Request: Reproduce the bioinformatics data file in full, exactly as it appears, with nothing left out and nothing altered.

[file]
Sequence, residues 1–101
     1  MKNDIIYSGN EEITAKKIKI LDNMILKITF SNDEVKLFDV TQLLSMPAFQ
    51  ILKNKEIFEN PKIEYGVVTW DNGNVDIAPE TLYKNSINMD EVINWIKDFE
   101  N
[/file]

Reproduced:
Sequence, residues 1–101
     1  MKNDIIYSGN EEITAKKIKI LDNMILKITF SNDEVKLFDV TQLLSMPAFQ
    51  ILKNKEIFEN PKIEYGVVTW DNGNVDIAPE TLYKNSINMD EVINWIKDFE
   101  N